The American Film Market (AFM) descends on Santa Monica every autumn, converting The Loews Santa Monica Beach Hotel and the Le Merigot Beach Hotel into a busy marketplace for filmmakers and purveyors of all varieties of production-related services. Films screen almost continually at the various multiplexes on the Santa Monica Promenade, as well as other venues in the community. Approximately 500 movies screen over the weeklong event, the majority of them world or U.S. premieres. Titles range from big budget blockbusters that will be released by the major studios in the U.S., to low budget art-house and genre flicks. The films range in quality from outstanding to downright awful. There is a great deal of sizzle at AFM, and distributors, not to exhaust the metaphor, are constantly on the hunt for steak, in more ways than one.
The basic AFM narrative is consistent year in and year out: producers and sales agents repping films rent suites and display their wares via trailers, VPKs, and various forms of printed matter. The films are mostly genre-driven (horror, thriller, teen comedy, etc.) and usually feature “B List” actors. Producers and aspiring filmmakers also attend to foster interest in their projects that range from finished features, to three-minute “sizzle reels” to nothing more than a package consisting of a script, director, and actors. These deals are referred to in the industry as “presales”: producers pre-sell various territories in order to raise production funds to get the film to the break-even point prior to completion. In most cases, producers will sell off the foreign rights, and retain North America and DVD rights in order to turn a profit. For years, this was a successful business model that allowed a good many films that would otherwise never have gotten off the ground to get made. This year, however, pre-sale money was scant, a bellweather indication of how the global economic turndown has affected the independent film industry.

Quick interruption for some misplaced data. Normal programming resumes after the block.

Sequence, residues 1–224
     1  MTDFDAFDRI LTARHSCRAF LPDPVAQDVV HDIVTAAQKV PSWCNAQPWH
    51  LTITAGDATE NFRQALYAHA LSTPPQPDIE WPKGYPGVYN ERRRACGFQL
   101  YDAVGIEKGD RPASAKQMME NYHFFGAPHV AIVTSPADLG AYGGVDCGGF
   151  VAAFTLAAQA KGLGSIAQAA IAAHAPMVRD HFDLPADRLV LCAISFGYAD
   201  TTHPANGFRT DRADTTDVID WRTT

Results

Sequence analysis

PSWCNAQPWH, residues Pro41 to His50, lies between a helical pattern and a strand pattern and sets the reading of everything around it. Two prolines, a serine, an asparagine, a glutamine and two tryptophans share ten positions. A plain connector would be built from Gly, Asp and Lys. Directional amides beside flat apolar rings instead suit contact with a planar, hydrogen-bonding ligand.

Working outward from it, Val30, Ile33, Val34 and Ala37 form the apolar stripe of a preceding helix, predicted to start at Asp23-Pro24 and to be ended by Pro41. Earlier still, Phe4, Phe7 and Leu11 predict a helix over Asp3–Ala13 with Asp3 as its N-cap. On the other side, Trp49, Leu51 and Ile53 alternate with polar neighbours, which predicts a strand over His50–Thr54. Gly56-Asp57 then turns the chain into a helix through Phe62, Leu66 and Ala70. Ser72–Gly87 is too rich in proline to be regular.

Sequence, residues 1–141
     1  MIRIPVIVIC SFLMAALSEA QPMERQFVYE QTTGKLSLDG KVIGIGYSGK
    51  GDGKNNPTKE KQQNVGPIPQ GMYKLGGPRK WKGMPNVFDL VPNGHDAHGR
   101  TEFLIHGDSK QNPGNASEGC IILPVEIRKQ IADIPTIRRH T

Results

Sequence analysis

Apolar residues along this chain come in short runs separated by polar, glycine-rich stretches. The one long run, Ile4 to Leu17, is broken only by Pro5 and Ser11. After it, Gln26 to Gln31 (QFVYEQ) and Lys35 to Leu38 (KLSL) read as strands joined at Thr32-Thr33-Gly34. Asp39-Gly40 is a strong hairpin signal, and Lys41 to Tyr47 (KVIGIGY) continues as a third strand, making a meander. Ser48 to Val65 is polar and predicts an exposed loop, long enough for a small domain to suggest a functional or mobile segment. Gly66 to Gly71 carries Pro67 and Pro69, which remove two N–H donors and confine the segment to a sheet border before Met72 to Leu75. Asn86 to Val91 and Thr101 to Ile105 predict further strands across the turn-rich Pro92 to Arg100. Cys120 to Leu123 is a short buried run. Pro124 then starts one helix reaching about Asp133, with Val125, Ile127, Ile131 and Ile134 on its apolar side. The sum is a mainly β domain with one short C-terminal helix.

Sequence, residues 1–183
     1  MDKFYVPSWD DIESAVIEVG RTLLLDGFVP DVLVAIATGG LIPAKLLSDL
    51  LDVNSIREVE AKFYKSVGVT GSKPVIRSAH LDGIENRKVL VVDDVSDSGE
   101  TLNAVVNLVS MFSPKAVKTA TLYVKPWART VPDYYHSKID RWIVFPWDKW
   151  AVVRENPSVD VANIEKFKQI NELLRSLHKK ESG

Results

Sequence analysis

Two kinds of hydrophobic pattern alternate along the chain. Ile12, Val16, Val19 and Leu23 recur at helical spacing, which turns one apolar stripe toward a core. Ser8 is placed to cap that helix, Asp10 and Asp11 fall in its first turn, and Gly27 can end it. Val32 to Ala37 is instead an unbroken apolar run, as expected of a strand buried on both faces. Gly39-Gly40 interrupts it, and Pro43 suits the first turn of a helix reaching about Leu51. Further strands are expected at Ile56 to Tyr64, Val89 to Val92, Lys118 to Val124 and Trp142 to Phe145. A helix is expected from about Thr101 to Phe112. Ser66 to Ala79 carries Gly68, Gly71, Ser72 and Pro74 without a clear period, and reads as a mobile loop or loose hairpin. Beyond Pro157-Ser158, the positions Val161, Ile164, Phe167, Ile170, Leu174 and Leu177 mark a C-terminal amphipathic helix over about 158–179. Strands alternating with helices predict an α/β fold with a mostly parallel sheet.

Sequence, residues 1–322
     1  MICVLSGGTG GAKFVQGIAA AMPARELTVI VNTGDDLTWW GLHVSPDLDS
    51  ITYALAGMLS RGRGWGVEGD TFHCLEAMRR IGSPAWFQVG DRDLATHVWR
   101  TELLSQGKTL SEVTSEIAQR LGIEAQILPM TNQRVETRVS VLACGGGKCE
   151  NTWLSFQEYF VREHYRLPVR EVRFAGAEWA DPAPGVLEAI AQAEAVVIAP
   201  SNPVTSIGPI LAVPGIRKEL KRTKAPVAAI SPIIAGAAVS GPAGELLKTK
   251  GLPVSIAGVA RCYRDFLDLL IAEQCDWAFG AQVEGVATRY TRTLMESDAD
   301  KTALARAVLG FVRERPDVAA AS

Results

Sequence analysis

The pre-sales well certainly did not dry up overnight. Years ago, a proven genre such as action or horror might have been enough to get a deal. As funds tightened overseas, at least one actor of note was required to pre-sell a movie. In 2009, pre-sales proved, if not impossible, hugely difficult. “Nobody is willing to spend any money,” complained an independent producer who asked to remain nameless. “The Avi Lerner model is dead.” (Avi Lerner is the Hollywood producer who pioneered the use of foreign presales.)
On a local level, AFM acts as a vivid de facto reminder of the ever-increasing amount of “runaway” film and television production in California. Following the examples set by New Mexico and Louisiana, nearly every state in the country now has a program offering cash rebates and/or tax incentives that total anywhere from 25% – 40% of a given project’s production budget spent in-state. These incentives are considered bankable paper, and are often used to leverage or secure other funds. Various states and foreign countries set up impressive booths and displays offering filmmakers discounts, concierge services, and locations that were, variously, individually unique and could also credibly double for domestic or oft-used film locales (New York City, etc.). Amongst those hawking their home turfs were Quebec, Canada (41% cash rebate), West Virginia (31% tax credit), the island of Fiji (35% cash rebate), as well as the nations of Colombia and Jordan, both of whom offer experienced film crews to help visitors negotiate the difficulties of shooting in, say, the rain forest or the desert. California better get its proverbial act together to prevent the further erosion of the multi-billion dollar film production industry, as producers of everything from studio blockbusters to art house indies with budgets under a million dollars are fleeing in droves, seeking venues where their bucks will get more bang.
There are far too many film companies at AFM to mention in this article, but Vision Films (visionfilms.net), a sales agency located in Sherman Oaks, is worth mentioning for their extensive catalogue of feature films, documentaries and concert DVDs. A particularly enjoyable little gem is a documentary on Led Zeppelin entitled “Dazed and Confused” that features lots of rare footage and interviews with the band and various people associated with them. One such gem: Jeff Beck, Jimmy Page, and Eric Clapton meeting the Queen of England, who had apparently never heard of any of them. As Mr. Clapton graciously explained their 40 years as professional musicians to Her Majesty, Page and Beck seemed to barely suppress a case of the giggles. Enjoyable and well put-together, other than some occasionally tinny sound quality, the film should appeal to Zep’s multi-generational legion of fans.
So deals are not being made at AFM the same rate as in previous years. So what really goes on, especially in an off year? A lot of hanging out by the pool. A lot of 60-something “producers” buying over-priced drinks for 20-something women hired for the day to shill for a particular film or product. A lot of sunglasses and silicone. A lot of silliness, but fun, movie biz silliness.